President Donald Trump and Democratic presidential nominee Joe Biden will be battling for the attention of Americans in dueling town hall events Thursday night.
The town hall events will be held in lieu of a second presidential debate, which was canceled by the Commission on Presidential Debates after Trump tested positive for coronavirus and refused to do a virtual debate because he would have to “sit behind a computer” and the moderator could “cut you off whenever they want.”
The former vice president‘s town hall will take place in Philadelphia on ABC, while NBC will host Trump’s town hall in Miami despite the outrage from NBC employees. The dueling events may mean more to Trump who is down in almost every poll nationally and in several swing states.
“Right now, it seems to me that the reason he’s losing is people are just processing this through the lens of how they feel about Trump,” Scott Jennings, a Republican strategist, told The Hill. “The town hall is an opportunity to do one thing, and that’s to get people to think about the race as a choice and not a referendum.”
According to Jennings the town hall for Trump will be one of his last chances to show the difference between his agenda and Biden’s and shift the attention away from the White House outbreak and whether Trump is still sick.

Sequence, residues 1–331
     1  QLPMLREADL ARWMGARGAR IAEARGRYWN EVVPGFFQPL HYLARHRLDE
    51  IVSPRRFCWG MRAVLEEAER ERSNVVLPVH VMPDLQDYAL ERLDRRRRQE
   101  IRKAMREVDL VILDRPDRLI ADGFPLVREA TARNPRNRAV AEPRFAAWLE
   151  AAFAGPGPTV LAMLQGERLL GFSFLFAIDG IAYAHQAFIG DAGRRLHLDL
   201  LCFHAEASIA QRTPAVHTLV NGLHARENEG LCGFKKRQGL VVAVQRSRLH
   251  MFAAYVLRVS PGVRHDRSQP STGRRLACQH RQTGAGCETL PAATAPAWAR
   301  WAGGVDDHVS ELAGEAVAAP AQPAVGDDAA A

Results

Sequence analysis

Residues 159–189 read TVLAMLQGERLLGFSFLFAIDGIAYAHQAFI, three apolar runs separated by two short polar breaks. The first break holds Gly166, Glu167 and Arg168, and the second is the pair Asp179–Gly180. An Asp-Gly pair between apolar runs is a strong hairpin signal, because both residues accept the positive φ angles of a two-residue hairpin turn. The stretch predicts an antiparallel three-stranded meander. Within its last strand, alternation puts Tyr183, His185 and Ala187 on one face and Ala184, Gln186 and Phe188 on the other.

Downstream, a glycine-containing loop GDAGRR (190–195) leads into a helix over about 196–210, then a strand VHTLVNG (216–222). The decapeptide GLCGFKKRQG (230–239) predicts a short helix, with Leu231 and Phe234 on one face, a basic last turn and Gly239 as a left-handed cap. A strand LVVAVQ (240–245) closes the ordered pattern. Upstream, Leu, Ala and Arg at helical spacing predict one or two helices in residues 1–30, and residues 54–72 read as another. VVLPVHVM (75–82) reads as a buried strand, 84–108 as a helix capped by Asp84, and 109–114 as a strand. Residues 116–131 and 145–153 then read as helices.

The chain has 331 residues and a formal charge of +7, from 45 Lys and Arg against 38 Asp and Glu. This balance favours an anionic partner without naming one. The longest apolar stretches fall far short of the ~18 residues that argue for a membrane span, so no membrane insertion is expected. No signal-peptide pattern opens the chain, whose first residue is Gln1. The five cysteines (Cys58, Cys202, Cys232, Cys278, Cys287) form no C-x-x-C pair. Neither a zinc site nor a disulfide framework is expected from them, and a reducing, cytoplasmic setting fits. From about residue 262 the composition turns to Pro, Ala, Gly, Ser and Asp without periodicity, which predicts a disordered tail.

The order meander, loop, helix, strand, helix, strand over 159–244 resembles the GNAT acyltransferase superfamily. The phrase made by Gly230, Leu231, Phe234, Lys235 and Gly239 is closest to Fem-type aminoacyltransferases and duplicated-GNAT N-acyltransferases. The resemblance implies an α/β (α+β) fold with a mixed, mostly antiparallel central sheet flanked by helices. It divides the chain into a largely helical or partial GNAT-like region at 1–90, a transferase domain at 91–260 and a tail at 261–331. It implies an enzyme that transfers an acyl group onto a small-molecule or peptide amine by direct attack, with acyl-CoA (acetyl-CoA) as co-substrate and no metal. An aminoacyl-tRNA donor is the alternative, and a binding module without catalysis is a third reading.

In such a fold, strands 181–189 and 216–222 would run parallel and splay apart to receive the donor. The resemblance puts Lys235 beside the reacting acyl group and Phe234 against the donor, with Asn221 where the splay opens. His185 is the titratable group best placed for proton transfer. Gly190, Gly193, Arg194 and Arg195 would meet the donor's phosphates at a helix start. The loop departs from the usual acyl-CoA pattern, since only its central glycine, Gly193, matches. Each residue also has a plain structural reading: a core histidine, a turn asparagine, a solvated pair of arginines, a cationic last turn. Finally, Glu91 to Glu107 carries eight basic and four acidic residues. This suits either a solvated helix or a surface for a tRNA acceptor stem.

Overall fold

“You want people to think that you’ve got a better plan, or at least that your plans aren’t as scary as the other guy’s plans. But that requires Trump to articulate his agenda,” Jennings said, adding that so far, Trump “hasn’t articulated much in the way of a second-term agenda.”
Trump has had to fight battles on multiple fronts in the past several weeks. Between his performance in the first debate, calling for White supremacists to stand by and stand ready, and catching the coronavirus amid a White House outbreak, Trump has been falling in the polls and early voting has favored Democrats.
Trump’s town hall will likely be seen by more voters as it’ll also be aired on CNBC and MSNBC while Biden’s will only be on ABC. Republicans could point to the higher ratings as a sign that Biden’s lead is beginning to fall, but Democrats could say the ratings are because people want to see the next controversial action or statement from Trump.
“I think the ratings contest is far less of what matters because it’s certainly not inconceivable that more voters will pour a drink, get a bowl of popcorn, and tune in to see the Trump roadkill,” Jon Reinish, a Democratic strategist told The Hill. “It’s entertainment in the same way as [the Ultimate Fighting Championship].”